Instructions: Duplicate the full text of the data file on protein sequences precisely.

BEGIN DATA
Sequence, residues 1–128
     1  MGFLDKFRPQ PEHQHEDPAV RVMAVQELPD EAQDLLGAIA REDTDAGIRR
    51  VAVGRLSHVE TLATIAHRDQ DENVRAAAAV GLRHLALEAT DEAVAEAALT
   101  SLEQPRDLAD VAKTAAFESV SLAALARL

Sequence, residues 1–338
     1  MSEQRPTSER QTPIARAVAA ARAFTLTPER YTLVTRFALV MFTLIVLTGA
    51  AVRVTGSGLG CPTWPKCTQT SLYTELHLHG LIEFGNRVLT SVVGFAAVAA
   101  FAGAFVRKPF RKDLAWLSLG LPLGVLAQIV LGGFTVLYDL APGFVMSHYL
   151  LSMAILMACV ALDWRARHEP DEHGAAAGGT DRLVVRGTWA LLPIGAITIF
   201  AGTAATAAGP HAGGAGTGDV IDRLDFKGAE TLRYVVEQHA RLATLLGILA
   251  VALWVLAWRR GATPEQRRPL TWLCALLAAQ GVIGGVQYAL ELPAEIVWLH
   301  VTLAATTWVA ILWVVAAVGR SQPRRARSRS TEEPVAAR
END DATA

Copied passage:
Sequence, residues 1–128
     1  MGFLDKFRPQ PEHQHEDPAV RVMAVQELPD EAQDLLGAIA REDTDAGIRR
    51  VAVGRLSHVE TLATIAHRDQ DENVRAAAAV GLRHLALEAT DEAVAEAALT
   101  SLEQPRDLAD VAKTAAFESV SLAALARL

Sequence, residues 1–338
     1  MSEQRPTSER QTPIARAVAA ARAFTLTPER YTLVTRFALV MFTLIVLTGA
    51  AVRVTGSGLG CPTWPKCTQT SLYTELHLHG LIEFGNRVLT SVVGFAAVAA
   101  FAGAFVRKPF RKDLAWLSLG LPLGVLAQIV LGGFTVLYDL APGFVMSHYL
   151  LSMAILMACV ALDWRARHEP DEHGAAAGGT DRLVVRGTWA LLPIGAITIF
   201  AGTAATAAGP HAGGAGTGDV IDRLDFKGAE TLRYVVEQHA RLATLLGILA
   251  VALWVLAWRR GATPEQRRPL TWLCALLAAQ GVIGGVQYAL ELPAEIVWLH
   301  VTLAATTWVA ILWVVAAVGR SQPRRARSRS TEEPVAAR